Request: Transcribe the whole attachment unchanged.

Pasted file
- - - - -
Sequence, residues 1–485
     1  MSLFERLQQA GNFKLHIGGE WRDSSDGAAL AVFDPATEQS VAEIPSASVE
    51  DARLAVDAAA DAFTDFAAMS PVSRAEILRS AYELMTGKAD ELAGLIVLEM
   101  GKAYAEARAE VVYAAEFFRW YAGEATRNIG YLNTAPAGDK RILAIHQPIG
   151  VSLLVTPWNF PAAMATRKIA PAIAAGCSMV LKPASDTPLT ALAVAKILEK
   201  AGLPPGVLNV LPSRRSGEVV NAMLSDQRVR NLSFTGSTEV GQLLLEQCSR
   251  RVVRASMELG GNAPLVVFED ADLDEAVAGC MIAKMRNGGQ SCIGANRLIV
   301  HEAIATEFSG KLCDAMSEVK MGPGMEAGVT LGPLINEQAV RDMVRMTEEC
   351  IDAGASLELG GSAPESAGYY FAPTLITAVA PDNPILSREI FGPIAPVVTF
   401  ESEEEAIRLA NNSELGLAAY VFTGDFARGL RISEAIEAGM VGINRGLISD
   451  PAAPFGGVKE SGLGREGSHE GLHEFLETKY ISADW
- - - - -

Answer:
Sequence, residues 1–485
     1  MSLFERLQQA GNFKLHIGGE WRDSSDGAAL AVFDPATEQS VAEIPSASVE
    51  DARLAVDAAA DAFTDFAAMS PVSRAEILRS AYELMTGKAD ELAGLIVLEM
   101  GKAYAEARAE VVYAAEFFRW YAGEATRNIG YLNTAPAGDK RILAIHQPIG
   151  VSLLVTPWNF PAAMATRKIA PAIAAGCSMV LKPASDTPLT ALAVAKILEK
   201  AGLPPGVLNV LPSRRSGEVV NAMLSDQRVR NLSFTGSTEV GQLLLEQCSR
   251  RVVRASMELG GNAPLVVFED ADLDEAVAGC MIAKMRNGGQ SCIGANRLIV
   301  HEAIATEFSG KLCDAMSEVK MGPGMEAGVT LGPLINEQAV RDMVRMTEEC
   351  IDAGASLELG GSAPESAGYY FAPTLITAVA PDNPILSREI FGPIAPVVTF
   401  ESEEEAIRLA NNSELGLAAY VFTGDFARGL RISEAIEAGM VGINRGLISD
   451  PAAPFGGVKE SGLGREGSHE GLHEFLETKY ISADW